Art up for auction
Fans of Pacific art have a rare opportunity to bid on the life's work of Kerikeri artist Valerie Hunton at an upcoming auction. She is donating her art and all proceeds go to the Cancer Society.
The Elam School of Fine Arts graduate, art teacher and author is a former artist in residence at the Fiji School of Medicine. She has lived in Micronesia, Melanesia and parts of Polynesia with her husband, Rex, a surgeon who taught medical students.
Hunton's work was inspired by the women she met during the couple's 14 years in the region, including vibrant mixed-media pieces and many that incorporate traditional weaving.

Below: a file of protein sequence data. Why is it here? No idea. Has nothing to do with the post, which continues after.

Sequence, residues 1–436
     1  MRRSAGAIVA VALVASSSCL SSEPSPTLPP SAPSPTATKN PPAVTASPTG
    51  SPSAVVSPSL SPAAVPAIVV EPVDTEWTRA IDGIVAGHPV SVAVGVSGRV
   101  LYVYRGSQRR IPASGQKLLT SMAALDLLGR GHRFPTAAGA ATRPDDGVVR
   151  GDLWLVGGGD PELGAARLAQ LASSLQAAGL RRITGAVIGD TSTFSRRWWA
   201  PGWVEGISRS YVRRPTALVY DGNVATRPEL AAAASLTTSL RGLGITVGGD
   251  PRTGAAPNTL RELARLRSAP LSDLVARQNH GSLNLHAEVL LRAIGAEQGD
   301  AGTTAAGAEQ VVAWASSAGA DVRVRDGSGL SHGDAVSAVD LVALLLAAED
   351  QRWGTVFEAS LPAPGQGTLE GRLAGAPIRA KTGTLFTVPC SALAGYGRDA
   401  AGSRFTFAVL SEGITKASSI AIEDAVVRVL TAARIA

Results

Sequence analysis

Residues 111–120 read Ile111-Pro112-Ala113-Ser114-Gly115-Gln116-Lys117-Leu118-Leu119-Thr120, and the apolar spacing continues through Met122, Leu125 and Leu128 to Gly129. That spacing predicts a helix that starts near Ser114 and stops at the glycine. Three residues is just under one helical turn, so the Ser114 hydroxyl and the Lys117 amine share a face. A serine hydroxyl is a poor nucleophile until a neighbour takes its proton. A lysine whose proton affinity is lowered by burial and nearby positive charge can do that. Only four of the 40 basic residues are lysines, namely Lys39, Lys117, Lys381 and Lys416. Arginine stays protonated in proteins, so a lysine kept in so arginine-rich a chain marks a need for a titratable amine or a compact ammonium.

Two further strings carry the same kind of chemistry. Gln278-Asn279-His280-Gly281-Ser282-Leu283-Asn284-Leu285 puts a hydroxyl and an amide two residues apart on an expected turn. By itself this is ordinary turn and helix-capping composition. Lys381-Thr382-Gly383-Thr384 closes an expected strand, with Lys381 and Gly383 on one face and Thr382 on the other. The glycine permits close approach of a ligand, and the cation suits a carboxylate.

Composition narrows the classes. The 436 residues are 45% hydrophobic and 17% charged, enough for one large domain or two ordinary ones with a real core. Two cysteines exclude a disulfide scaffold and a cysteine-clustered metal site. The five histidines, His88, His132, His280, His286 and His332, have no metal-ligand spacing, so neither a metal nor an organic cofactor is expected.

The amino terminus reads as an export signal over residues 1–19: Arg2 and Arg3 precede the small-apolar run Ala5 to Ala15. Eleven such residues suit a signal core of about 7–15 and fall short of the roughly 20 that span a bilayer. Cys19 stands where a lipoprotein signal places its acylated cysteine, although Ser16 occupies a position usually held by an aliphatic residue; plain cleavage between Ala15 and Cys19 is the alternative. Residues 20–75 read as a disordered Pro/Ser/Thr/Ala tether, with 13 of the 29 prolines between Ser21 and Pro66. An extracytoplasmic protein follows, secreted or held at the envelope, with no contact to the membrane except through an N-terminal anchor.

Her work has been exhibited at the University of Hawaii, the ISLA Centre for the Arts in Guam, the Pacific Festival of Arts in Samoa, and in the Suva Museum in Fiji.
The artist says her personal experience of cancer and her awareness of the support available through the Cancer Society prompted her to donate such a large collection to charity.
"I wanted to gift the art now, while I can see the works go out and find their place in the world."
Cancer Society Northland manager Jenni Moore says the charity is incredibly grateful to have been gifted most of Hunton's collection, some of which will be exhibited at the Turner Centre in Kerikeri from April 22-24.
"This is not only an opportunity for people to bid on these special works, but the funds raised will directly benefit people facing cancer in our Northland community."
The artworks, and an additional selection of Pacific artefacts from the Huntons' personal collection, will be sold via silent auction. The exhibition is sponsored by accounting firm BDO.